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Ceanothus

TadsTads Posts: 210

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  • TadsTads Posts: 210

    My "ceanothus"  flowers profusely in May & part June.  Healthy, sturdy, we've had it 3/4 years, grown in a pot (next to a jasmine idea on the one side & hydrangea the other (all in pots) It now looks like this...is there anything I should be doIng to it, like pruning?  or do I just leave it like this & when do I prune it?   Does anyone know if any "special care" is required when pruning?(like where NOT to prune)  

    sori don't know which variety it is......thankyou image 

     

  • TadsTads Posts: 210

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  • TadsTads Posts: 210

    please, I need to know how & when to prune my rhododendron?  Can anyone out there please advise me?   It flowers "profusely" & has done for 5 years now, in its pot, giving us a fantastic & fabulous display of pale pink flowers.  It's now very very big, & needs a prune - I have never pruned it!  No idea how to go about it, and when & by how much?  Would really appreciate some advice & any tips.  thankyou image 

  • Dave MorganDave Morgan Posts: 3,123

    Tads, as far as the ceonothus goes, if your'e happy with it's size then just cut off the flowered tips and let it get on with it, if not prune back to about 6 inches from the tip. As for the rhododendron, see the link below to the rhs, it's not difficult and they don't mind a hard prune.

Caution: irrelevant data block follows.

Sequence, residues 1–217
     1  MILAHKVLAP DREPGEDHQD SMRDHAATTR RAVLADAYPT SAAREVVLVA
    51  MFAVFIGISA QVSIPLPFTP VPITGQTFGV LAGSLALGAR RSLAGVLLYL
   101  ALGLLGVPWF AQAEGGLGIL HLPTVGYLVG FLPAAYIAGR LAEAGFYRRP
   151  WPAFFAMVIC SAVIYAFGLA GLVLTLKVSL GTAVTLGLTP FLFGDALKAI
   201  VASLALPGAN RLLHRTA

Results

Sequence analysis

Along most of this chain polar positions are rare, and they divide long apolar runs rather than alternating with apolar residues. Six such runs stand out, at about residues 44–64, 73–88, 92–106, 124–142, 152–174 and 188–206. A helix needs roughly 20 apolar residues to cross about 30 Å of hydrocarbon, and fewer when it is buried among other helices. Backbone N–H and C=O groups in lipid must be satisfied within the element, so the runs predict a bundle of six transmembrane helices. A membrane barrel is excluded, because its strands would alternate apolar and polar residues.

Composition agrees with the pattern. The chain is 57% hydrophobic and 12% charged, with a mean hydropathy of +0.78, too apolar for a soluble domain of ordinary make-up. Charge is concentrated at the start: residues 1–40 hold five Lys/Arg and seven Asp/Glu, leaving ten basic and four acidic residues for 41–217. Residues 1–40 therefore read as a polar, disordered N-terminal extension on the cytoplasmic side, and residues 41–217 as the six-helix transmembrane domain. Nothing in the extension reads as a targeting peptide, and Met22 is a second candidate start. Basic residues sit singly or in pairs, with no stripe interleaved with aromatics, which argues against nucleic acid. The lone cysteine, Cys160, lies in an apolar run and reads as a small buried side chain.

http://www.rhs.org.uk/advice/profile?PID=168 

  • TadsTads Posts: 210

    thankyou Dave.  One thing, on the ceanothus, lots of the leaves have turned crispy & brown & fallen off. It's only July, so am not sure this should be happening ? That's why I posted a closeup photo as well.....any ideas ? 

  • Dave MorganDave Morgan Posts: 3,123

    I'd repot it tads, sounds like it's pot bound and starving, pot into a third size larger pot or put it in the garden.

  • TadsTads Posts: 210

    mmmn, thanx, think u r right...image 

     

  • I have a ceanothus tree in my garden, last autumn I gave it a much needed thin out, mostly dead wood... Thinking I'd re shape it this year after flowering, then lost the main branch in a storm last winter... It seems to have coped surprisingly well and has new growth form the trunks that remain, but it needs the canopy taking back now to reshape it as quite leggy without the main canopy branch... When and how is the best time to do this please? 

  • Dave MorganDave Morgan Posts: 3,123

    Do it now Emma, there is still time for it to recover, I'd take a few cuttings as well, they root very easily, feed and mulch it as well, it will be fine. They are fairly tough although not very long lived, about 8 - 10 years is average.

  • Wow I must ha a record then, I've lived here 4 years and my neighbour reckons it's at least 20 years old! I will do it this week then, thanks for the advice Dave image 

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